Some of you might be interested in this recent study published in PLoS ONE about rapid evolutionary changes in morphology in rodents. I served as an academic editor on this interesting paper, that has gained quite a lot of media attention, e. g. in Science News and in Los Angeles Times. Since I was academic editor for this article, I was interviewed about it and I briefly comment upon it in the Science News article.
Although media attention and coverage is not, and should certainly not be, the only criterion for scientific "quality" (whatever that is!), it is further testimony of the advantage to publish in "Open Acess"-journals in general, and PLoS ONE in particular. This study is also interesting because it shows the value of museum collections as a source for ecological and evolutionary research, a point that Shawn Kuchta has repeatedly emphasized in our lab-meetings (and which I completely agree with, of course).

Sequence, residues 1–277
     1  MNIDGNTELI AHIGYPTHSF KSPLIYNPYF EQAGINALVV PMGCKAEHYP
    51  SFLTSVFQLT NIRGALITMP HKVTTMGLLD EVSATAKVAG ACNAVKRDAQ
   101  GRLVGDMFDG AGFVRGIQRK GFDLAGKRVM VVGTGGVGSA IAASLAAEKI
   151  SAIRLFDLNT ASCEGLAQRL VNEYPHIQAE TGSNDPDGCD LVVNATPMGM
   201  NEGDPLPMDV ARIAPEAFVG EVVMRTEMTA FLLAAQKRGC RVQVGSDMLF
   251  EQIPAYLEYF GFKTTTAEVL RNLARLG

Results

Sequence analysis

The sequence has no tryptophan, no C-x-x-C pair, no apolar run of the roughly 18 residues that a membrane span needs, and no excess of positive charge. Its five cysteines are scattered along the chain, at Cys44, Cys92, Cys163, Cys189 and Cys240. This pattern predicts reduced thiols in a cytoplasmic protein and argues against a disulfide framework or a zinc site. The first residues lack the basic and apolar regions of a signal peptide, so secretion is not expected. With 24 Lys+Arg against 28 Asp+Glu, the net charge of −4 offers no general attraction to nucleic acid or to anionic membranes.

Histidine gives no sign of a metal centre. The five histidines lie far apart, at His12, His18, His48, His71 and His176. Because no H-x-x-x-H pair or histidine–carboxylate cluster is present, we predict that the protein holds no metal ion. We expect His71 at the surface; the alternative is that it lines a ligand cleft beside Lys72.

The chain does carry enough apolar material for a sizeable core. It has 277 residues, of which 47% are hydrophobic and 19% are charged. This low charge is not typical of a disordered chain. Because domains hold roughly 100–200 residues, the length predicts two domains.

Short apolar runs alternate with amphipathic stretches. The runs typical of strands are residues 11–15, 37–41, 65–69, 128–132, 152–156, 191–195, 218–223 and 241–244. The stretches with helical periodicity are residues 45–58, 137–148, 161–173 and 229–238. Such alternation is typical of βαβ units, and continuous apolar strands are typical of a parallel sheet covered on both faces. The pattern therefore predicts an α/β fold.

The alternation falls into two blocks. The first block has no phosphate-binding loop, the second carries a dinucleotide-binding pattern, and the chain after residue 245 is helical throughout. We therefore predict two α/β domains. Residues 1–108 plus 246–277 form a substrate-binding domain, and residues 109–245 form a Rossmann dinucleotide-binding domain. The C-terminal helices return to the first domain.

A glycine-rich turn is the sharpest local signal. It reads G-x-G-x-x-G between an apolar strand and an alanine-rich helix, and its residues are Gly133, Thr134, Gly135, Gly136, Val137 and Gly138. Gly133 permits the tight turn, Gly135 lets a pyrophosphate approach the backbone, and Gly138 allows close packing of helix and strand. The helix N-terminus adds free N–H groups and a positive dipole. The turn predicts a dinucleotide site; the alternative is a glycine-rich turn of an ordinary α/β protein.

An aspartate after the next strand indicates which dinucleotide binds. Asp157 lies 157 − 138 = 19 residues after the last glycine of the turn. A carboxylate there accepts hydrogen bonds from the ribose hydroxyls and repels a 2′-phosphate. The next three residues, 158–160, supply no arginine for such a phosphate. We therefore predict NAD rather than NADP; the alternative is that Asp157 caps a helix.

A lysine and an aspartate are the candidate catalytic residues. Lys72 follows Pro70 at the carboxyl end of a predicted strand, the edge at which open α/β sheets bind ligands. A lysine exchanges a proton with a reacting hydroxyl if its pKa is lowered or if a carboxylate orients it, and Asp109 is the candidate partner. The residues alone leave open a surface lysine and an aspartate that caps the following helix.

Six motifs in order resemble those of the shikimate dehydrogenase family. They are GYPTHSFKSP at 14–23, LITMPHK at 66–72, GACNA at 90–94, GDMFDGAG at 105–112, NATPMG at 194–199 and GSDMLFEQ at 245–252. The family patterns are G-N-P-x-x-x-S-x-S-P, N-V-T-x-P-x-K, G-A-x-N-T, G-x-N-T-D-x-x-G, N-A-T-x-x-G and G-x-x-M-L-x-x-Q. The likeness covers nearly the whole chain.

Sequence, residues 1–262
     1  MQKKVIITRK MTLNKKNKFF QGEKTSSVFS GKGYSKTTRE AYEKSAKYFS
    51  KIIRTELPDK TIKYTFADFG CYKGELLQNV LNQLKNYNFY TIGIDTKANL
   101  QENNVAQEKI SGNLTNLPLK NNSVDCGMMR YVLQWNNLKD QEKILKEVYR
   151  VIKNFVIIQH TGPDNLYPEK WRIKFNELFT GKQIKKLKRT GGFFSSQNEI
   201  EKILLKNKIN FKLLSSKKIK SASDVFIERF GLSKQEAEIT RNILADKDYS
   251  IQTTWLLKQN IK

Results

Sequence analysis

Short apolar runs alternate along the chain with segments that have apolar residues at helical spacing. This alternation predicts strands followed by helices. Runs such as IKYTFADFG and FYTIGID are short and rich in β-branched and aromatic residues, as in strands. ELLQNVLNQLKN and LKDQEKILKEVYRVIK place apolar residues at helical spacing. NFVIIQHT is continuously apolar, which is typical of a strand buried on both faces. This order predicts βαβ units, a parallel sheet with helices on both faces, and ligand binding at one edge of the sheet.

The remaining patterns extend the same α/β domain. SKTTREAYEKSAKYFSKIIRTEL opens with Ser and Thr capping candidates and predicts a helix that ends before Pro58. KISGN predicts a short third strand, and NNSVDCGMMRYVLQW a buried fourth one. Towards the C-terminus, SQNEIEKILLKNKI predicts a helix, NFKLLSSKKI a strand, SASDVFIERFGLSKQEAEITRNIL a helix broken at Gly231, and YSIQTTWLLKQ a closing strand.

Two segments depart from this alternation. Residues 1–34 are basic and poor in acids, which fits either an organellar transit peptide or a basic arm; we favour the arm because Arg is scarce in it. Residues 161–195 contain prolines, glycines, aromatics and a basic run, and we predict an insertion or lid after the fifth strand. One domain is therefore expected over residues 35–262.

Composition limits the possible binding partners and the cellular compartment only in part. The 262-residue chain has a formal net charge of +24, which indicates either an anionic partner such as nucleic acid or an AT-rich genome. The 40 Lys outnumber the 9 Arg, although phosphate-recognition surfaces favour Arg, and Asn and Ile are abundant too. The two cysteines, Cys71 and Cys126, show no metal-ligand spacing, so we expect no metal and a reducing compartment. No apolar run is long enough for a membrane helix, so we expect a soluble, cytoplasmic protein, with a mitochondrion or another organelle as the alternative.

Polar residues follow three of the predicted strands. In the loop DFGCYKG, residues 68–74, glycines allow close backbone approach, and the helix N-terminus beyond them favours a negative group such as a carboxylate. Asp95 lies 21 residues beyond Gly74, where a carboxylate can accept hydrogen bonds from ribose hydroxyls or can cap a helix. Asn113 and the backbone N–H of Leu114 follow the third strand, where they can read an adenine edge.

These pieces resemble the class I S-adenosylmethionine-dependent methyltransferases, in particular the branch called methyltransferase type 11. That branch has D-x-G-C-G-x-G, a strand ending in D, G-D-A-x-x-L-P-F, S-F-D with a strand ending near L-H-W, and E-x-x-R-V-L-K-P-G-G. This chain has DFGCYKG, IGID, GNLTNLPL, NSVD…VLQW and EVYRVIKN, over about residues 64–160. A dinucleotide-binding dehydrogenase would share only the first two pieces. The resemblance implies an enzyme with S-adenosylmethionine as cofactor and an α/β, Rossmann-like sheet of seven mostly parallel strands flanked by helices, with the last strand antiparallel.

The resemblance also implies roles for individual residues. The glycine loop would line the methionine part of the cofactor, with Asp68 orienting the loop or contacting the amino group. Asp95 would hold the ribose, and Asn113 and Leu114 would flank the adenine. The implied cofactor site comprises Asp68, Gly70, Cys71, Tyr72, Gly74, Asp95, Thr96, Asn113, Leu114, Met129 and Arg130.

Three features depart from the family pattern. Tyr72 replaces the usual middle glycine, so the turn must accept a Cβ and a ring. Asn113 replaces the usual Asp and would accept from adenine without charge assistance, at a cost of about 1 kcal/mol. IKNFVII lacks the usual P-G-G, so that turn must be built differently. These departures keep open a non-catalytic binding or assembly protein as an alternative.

Oliver Pergams and his colleague Joshua Lawler used a large data set consisting of thousands of museum specimens, collected from various places of the world and during a long time period (more than a century) to track changes in morphology of the skull of rodents. They analyzed statistically which traits that changed, and how much. They further linked these morphological changes to two ecological factors: increasing urbanisation (i. e. increasing local human population densities) and climatic factors.
They found that both urbanisation and climatic factors were statistically significantly related to the morphological changes they observed. Although not all these morphological changes are understood from a functional viewpoint, and the genetic basis of the changes are not known, the study is strongly suggestive. Rapid evolution in rodents might thus be a result of both humans directly, and possibly indirectly through anthroprogenic climate change.